An absolutely irrefutable and legitimate case for why Die Hard is a Christmas film, including parables, character development and music.
It’s one of those debates that pops up every year and runs analogous to heated conversations about when it’s okay to listen to Christmas music, when it’s right to put the tree up, and how long you should suffer in silence at the dinner table in the face of unwarranted politics.
Someone, at some point, is going to make the case that Die Hard is or isn’t a Christmas movie, with both sides just as impassioned as the others. We’re here to tell you that it is undeniably a Christmas film, and if you argue that it isn’t because the holiday element only plays a minimal role in the actual plot of the movie (which is a falsehood anyway), then neither is Home Alone.
It makes sense to start the discussion with a simple question: “What makes a Christmas movie?”
Besides being set around Christmas, every Christmas movie contains a parable or a message about the things that Christmas makes us value. In Dickens’ A Christmas Carol – perhaps the most widely known Christmas story of them all – the meaning is to forgo greed and monetary wealth in favour of family and friends. Die Hard perfectly embodies this notion, as the thieving, money-obsessed terrorists are rightfully thwarted in their attempts to steal money from the hard-working corporation, and this provides the perfect backdrop for Bruce Willis AKA John McClane to rekindle the love with his estranged wife. The conclusion is obvious: we’re dealing with a Christmas film of Dickensian proportions. Except there’s guns and explosions.
Die Hard takes place on Christmas Eve because the Nakatomi Corporation’s office party takes place on Christmas Eve (imagine that). McClane’s distant wife, Holly, (yes, Holly!) invites the detective to the party, where her colleagues celebrate the Christmas spirit and their capitalist employer’s generosity by sniffing coke in the office and desperately flirting with each other. McClane’s arrival brings the sort of unwelcome glares you’d imagine from finding a fed watching you rack up, and Willis’ face, post-argument with wife, shifts into an unpleasant, miserable, what am I doing here stare that makes him the perfect medium for a festive renewal.
German terrorists arrive with immediate effect and everyone, except our man McClane, is taken hostage. It’s blatantly obvious that our terrorist troop is a metaphor of the same ilk as the Grinch. Pre-Snape Alan Rickman plays an anti-Claus, and his gang of nihilistic German elves know that the best time to pig into the fat underbelly of a corporation – AKA $640 million in untraceable bearer bonds – is when they’re at their most joyous and therefore vulnerable. Die Hard flips the switch on the usual Christmas caper by accepting that the long-haired, Aryan antagonists are beyond redemption. Unlike the Grinch’s, their attempts to ruin Christmas will not go unpunished, and there’s only one man for the job. This man, whose face was defeated and glazed over, now shines as the Christmassy harbinger of (deserved) death.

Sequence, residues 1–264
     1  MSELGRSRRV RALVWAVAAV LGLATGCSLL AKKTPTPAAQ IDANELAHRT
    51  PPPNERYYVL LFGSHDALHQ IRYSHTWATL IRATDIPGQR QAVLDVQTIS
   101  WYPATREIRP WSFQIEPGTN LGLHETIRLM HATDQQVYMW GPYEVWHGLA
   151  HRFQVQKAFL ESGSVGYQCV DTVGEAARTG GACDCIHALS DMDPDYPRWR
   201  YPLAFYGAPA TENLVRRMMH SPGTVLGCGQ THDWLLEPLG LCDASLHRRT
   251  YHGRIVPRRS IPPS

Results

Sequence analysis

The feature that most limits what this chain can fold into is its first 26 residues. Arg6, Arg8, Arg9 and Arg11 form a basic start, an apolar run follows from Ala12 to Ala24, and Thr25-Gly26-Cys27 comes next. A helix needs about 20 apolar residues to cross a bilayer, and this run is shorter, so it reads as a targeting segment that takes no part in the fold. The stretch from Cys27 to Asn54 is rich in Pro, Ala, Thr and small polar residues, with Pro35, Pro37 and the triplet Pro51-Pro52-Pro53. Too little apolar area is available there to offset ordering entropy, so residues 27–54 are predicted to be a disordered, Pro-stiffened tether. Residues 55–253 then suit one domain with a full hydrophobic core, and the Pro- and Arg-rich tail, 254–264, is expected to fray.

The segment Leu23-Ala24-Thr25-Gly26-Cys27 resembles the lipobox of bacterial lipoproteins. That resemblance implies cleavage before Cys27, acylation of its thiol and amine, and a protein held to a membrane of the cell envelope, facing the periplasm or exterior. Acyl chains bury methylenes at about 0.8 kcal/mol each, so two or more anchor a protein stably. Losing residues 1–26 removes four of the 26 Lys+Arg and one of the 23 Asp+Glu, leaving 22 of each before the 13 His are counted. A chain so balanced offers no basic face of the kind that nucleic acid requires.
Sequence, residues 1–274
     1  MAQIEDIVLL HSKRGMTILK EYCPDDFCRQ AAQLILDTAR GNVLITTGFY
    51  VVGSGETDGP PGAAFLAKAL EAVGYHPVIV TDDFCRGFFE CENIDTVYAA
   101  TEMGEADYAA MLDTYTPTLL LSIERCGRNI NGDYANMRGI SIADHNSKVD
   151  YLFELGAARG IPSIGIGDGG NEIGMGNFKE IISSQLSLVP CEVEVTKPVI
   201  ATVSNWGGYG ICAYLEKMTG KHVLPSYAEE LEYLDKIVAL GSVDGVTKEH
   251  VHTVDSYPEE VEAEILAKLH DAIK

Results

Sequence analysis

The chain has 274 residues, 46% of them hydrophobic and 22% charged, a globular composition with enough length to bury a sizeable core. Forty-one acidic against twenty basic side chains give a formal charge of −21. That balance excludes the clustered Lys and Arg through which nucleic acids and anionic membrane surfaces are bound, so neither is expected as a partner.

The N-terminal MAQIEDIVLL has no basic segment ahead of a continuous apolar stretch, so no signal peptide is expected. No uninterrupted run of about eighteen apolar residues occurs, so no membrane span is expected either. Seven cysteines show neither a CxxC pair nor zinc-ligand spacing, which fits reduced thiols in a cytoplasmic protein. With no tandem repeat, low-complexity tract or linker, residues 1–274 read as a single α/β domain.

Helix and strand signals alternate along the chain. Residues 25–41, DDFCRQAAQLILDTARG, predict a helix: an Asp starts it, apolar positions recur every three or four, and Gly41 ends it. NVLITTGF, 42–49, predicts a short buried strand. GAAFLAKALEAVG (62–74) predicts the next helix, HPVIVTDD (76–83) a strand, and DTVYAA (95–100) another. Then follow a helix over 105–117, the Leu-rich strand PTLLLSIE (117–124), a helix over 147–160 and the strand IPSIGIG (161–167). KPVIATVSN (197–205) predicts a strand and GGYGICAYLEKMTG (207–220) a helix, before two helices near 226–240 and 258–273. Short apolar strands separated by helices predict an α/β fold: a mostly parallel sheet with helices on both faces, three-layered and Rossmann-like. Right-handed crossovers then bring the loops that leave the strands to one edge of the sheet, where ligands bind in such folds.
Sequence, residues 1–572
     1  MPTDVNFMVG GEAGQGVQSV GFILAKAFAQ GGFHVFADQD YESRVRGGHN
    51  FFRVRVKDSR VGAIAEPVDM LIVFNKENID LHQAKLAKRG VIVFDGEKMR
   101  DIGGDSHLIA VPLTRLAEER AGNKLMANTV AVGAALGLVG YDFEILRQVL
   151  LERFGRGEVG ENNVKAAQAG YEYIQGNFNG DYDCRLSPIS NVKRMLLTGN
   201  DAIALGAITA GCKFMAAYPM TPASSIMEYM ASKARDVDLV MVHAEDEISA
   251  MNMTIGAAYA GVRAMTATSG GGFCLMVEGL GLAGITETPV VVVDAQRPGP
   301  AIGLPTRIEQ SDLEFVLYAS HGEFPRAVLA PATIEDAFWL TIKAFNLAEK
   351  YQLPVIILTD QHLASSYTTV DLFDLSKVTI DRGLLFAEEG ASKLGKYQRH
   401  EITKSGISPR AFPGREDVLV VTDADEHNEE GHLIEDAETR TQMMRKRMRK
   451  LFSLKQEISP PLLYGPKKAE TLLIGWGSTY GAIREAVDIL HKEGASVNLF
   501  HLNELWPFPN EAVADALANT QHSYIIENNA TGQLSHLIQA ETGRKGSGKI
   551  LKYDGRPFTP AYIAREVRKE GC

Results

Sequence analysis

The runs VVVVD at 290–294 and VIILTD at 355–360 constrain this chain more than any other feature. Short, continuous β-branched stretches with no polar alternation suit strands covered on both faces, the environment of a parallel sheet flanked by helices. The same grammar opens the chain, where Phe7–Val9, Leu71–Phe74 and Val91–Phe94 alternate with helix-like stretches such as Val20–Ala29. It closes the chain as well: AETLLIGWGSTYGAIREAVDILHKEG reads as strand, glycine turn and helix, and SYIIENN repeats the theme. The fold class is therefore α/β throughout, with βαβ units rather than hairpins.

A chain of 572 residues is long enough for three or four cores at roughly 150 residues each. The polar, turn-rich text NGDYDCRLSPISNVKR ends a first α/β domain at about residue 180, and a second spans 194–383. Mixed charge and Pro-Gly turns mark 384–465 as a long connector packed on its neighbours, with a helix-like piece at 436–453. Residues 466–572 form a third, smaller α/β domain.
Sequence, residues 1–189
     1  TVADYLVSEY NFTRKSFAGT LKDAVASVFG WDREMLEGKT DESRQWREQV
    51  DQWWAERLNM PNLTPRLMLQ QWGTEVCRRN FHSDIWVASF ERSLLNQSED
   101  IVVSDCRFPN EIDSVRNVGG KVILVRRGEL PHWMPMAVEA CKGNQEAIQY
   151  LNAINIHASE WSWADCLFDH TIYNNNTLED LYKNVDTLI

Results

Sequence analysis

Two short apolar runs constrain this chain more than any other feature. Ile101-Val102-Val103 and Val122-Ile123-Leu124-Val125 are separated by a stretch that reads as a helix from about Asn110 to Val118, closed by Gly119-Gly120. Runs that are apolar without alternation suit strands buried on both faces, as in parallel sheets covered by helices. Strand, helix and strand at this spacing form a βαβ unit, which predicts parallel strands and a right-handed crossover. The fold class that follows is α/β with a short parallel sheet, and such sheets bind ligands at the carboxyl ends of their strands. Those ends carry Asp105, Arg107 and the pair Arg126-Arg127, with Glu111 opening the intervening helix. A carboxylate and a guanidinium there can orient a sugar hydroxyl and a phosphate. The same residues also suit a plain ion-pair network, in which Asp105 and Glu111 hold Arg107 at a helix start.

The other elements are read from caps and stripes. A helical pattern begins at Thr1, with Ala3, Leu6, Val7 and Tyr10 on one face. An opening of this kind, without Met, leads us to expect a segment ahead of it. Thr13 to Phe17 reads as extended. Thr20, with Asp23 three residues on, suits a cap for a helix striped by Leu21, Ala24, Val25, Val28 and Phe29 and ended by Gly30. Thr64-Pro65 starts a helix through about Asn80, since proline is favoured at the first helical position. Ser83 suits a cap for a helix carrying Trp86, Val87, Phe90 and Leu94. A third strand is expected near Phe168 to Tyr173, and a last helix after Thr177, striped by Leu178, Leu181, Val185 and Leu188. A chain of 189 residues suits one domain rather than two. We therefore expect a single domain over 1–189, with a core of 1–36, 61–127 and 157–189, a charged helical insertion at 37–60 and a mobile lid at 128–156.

There are, of course, numerous Christmas references throughout the film. Frank Sinatra’s Let it Snow plays the film out, and Run DMC’s Christmas in Hollis sets the tone early on during the build-up to the Christmas party, after McClane explicitly asks his limousine driver for Christmas music.
Of the most tasteful Christmas references, however, none can compare to McClane’s sending of a poorly trained terrorist down an elevator. Said terrorist is strapped to a chair and wearing a Santa hat, before anti-Claus finds him. The victim’s grey sweatshirt reads: NOW I HAVE A MACHINE GUN. HO HO HO, which Rickman reads out with a tone so disgusted and full of dread that the entire meaning of Christmas is conjured and discredited with three distinct syllables. It’s a sentence executed so well that Rickman accidentally laid the foundations for a lifetime of tragic villain typecasting.
Ultimately, Die Hard is the story of an emasculated man who is so scared of spending Christmas alone that he agrees to spend Christmas Eve at an office party with a wife he hasn’t spoken to in years. Through a combination of violence and tough love, he discovers that Christmas is a period for redemption and change – if, of course, you’re on the good side of the gun – and his love blooms once again.
While it’s easy for us to make this case (because it’s true), Willis himself argued against the idea in his 2018 Comedy Central Roast, while screenwriter Steven E de Souza makes a compelling case that it is. Whatever the central characters in the film’s creation think, one thing is for certain: we live in a world that constantly updates and redefines itself. The very existence of debates arguing that Die Hard is a Christmas film solidifies its Christmassyness, and the two themes are now inseparable.
If in doubt, follow the data, where Stephen Follows rightly concludes: “It may or may not have been, but it most certainly is now.”